In the world of business strategy, Michael Porter’s work on the Five Forces looms large. It’s a framework that helps determine the competitiveness of a given business. The idea is that a business becomes less and less attractive as competition rises in these five arenas.

Competition, in other words, is terrible for business! It lowers profitability to the minimum level and creates threats at every turn. So a key element of strategy, by Porter’s estimation, is to operate in realms where these forces are at their lowest possible level with systemic barriers (the oft-used term “moat”) in place. The five forces include the following:

  1. Bargaining power of suppliers (consider airlines beholden to a few jet engine makers)
  2. Threat of substitutes (store-branded food items versus “name-brand”)
  3. Bargaining power of buyers (vehicle purchases)
  4. Threat of new entrants (app store developers with new, similar products)
  5. Industry rivalry (major retailers competing for black friday customers)

As a business and an industry matures, the competition in each of these five forces naturally increases. Business profits decrease as a result and a point of equilibrium emerges where even the biggest players can’t really grow any more and certainly can’t enjoy the old profit margins of the past. A prime example of this arc is found with Sears Roebuck.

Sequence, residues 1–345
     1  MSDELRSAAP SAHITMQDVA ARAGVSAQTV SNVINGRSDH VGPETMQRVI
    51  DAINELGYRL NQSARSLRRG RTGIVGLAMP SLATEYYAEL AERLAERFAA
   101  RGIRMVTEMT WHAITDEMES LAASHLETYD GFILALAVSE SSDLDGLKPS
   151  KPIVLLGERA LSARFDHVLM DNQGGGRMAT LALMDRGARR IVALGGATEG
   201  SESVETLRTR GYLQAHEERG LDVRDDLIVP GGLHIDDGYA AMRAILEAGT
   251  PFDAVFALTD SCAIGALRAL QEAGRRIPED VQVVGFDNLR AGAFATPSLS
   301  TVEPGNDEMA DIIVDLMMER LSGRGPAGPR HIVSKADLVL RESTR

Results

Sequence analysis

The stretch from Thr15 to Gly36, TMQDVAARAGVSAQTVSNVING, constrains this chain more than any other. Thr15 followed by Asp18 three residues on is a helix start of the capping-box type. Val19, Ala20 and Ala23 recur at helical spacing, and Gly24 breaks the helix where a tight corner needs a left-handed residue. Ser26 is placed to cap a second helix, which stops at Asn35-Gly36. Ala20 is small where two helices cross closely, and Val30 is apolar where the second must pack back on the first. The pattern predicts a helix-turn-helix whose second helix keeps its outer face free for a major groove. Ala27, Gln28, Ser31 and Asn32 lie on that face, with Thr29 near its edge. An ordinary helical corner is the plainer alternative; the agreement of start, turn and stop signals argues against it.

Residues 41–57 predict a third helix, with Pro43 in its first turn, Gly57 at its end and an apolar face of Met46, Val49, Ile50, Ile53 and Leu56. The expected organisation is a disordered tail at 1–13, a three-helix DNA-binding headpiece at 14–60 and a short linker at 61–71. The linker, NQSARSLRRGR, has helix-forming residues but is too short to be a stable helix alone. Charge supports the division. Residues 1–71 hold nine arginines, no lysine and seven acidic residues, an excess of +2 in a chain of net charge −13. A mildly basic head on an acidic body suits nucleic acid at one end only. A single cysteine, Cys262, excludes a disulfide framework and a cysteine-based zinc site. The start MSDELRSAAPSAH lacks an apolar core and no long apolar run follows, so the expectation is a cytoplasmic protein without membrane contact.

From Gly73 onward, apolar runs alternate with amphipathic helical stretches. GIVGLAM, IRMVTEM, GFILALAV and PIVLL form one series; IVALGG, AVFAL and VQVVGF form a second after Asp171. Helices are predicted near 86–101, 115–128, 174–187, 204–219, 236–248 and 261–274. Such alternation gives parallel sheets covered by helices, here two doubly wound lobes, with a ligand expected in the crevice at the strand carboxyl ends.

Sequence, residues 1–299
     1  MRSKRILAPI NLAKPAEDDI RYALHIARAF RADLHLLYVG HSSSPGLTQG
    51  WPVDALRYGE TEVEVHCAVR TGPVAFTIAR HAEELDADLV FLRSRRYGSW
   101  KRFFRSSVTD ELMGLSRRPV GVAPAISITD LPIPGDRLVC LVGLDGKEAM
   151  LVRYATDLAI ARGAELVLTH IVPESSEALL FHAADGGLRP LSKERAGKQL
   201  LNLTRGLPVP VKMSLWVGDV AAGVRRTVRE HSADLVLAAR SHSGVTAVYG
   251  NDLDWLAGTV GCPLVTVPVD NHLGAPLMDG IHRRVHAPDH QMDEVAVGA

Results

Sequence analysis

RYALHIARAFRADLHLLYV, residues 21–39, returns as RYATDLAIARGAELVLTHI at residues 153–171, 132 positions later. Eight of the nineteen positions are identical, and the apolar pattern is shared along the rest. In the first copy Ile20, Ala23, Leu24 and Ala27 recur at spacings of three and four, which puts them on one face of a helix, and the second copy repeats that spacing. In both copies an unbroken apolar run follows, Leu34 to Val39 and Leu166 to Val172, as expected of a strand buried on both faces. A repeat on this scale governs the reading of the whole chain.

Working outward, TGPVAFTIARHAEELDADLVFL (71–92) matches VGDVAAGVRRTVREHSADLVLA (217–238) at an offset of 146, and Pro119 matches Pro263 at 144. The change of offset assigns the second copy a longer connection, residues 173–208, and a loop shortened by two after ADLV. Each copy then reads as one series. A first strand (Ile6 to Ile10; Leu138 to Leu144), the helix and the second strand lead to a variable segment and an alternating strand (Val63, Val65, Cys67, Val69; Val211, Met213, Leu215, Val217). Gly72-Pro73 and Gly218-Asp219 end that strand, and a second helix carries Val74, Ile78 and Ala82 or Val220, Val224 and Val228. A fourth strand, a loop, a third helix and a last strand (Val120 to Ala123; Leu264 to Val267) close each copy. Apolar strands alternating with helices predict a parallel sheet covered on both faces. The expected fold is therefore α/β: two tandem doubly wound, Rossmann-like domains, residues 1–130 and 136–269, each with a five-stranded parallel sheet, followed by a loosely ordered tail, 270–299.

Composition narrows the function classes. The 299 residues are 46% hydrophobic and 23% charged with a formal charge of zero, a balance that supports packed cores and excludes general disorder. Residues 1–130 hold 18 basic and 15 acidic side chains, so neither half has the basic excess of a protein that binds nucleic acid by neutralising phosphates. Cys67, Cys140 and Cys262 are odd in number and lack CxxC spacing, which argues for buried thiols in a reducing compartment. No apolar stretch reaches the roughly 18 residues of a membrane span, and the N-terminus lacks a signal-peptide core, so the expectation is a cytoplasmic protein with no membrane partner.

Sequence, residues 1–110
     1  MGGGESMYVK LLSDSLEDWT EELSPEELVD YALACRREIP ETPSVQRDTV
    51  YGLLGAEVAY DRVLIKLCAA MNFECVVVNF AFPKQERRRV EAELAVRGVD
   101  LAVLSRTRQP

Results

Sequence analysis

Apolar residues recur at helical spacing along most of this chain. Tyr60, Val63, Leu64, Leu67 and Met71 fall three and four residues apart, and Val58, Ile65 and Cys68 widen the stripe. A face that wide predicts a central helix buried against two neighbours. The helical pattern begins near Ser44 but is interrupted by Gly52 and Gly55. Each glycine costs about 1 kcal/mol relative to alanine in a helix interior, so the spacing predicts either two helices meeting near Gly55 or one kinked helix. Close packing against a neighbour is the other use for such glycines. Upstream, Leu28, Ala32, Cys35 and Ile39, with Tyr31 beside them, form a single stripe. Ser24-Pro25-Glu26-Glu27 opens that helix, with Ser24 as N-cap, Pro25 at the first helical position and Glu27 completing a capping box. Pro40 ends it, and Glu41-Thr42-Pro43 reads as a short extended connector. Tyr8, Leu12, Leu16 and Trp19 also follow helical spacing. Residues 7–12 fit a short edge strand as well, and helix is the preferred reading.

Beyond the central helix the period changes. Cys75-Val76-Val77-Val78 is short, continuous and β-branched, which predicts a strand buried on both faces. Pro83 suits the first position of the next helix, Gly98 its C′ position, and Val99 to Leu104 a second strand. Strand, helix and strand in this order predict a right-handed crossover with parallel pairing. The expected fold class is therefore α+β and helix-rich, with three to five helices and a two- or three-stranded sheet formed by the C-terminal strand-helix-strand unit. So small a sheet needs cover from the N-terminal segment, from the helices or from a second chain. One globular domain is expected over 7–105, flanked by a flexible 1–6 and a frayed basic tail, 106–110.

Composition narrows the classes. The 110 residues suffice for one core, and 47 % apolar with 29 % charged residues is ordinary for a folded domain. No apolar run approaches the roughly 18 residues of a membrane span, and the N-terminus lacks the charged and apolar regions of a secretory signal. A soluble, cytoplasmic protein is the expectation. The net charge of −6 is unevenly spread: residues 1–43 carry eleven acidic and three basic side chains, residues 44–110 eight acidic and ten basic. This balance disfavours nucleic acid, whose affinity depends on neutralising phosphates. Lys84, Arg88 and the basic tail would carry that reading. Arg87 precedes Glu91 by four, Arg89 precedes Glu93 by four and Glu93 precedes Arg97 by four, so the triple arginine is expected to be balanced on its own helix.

Life and Death In The Business Ecosystem

Once upon a time, Sears was a unique business working in a realm of relatively low competitiveness on all five forces. Until Wal-Mart emerged with technology and models (regional store/distribution networks) to win large swaths of the market on cost and convenience. Around the same time, consolidation in hardware stores led to viable low-cost alternatives like Lowes and Home Depot that could steal away a major part of the Sears business (RIP craftsman tools). Finally, the realm of online shopping was a death blow as Sears mishandled its advantage against the likes of Amazon.

A fun bit of trivia: Sears offered an online retail marketplace before Amazon did.

Oh how the mighty have fallen. And will fall again. Because the business realm is an ecosystem and the limits of growth exist for these entities just as surely as it does for any participant in any other ecosystem. Bezos himself said it best recently when he acknowledged that Amazon will fail someday. You can’t avoid these fates. You can only delay them.